Is the reporting becoming less one-sided about WM3?

Discussion in 'West Memphis III' started by Mrs G Norris, Jun 20, 2014.

  1. Mrs G Norris

    Mrs G Norris Well-Known Member

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    I've noticed a subtle change in the way media has been reporting this case .. there was a lot less coverage of Echols' latest book launch, and then I saw this article:


    Damien Echols, one of the West Memphis Three, moved to Salem, Mass. seeking acceptance and the quiet life. Then a post popped up on an Internet message board with his name inside of it and this headline: "Is a child murderer living in Salem?"

    At least media is starting to notice there is another side to this story .. and finally a quote from family other than Mark Byers:

    The profiteering bothers the victims’ families. Mary Sue Moore Turn—whose nephew, Michael, is one of the murdered boys—calls the slew of documentaries, books and movies made about the case “money-generating fiction that misrepresented and insulted a community, a culture and our justice system.”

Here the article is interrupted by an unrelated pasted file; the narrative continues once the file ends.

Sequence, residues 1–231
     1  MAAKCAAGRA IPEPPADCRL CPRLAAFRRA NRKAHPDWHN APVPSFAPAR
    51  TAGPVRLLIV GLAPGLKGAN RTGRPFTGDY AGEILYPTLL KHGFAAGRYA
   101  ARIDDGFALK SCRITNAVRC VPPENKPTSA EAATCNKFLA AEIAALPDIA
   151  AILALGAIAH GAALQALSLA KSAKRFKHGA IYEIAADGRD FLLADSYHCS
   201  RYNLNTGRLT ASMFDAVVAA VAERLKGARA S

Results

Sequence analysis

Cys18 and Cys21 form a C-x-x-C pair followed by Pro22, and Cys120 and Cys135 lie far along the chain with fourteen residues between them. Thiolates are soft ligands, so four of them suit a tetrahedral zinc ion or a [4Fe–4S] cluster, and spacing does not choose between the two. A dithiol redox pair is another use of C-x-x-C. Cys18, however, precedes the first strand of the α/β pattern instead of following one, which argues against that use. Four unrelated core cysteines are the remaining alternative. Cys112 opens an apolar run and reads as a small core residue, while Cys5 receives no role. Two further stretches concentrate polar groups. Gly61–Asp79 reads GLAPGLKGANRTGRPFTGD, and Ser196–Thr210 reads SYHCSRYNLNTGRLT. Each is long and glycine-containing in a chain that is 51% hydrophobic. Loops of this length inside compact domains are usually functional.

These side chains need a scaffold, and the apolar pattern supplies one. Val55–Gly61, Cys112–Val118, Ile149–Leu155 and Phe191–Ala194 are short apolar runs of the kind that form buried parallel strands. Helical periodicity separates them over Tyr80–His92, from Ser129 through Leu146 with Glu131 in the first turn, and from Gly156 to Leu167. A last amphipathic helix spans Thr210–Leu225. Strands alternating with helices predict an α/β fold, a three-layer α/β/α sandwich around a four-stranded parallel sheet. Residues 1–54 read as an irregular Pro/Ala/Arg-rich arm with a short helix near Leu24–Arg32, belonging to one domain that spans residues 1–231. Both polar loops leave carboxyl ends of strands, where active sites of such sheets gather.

Yes, let's go beyond the marketing spin :)

  2. Userid

    Userid Well-Known Member

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    I am not arguing whether it is right or wrong, but I still think that the grand majority of media coverage out there is supportive of the WM3. I'm not sure if you saw it, but just 2 nights ago, Damien and Lori were on CNN; and the host (Don Lemon) pretty much doted on them the entire interview. Of course, one instance doesn't prove anything; and like I said, I don't be to criticize or condemn Lemon's approach -- just stating what I've seen recently.

    It seems to me that, at least in Damien's and Lori's case, the media tends to give them the benefit of the doubt and be supportive. They eat up the "love story that bloomed on death row" angle; whether rightfully so or not.
  3. LordYAM

    LordYAM Former Member

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    Having read the article I have to say Damien is more sympathetic and that michael blatty just seems like a contemptible douchebag. Also I think it's because most people who look at the case think they are innocent. The insulting a culture comment from the aunt is asinine. Yes the police can be incompetent
  4. Nova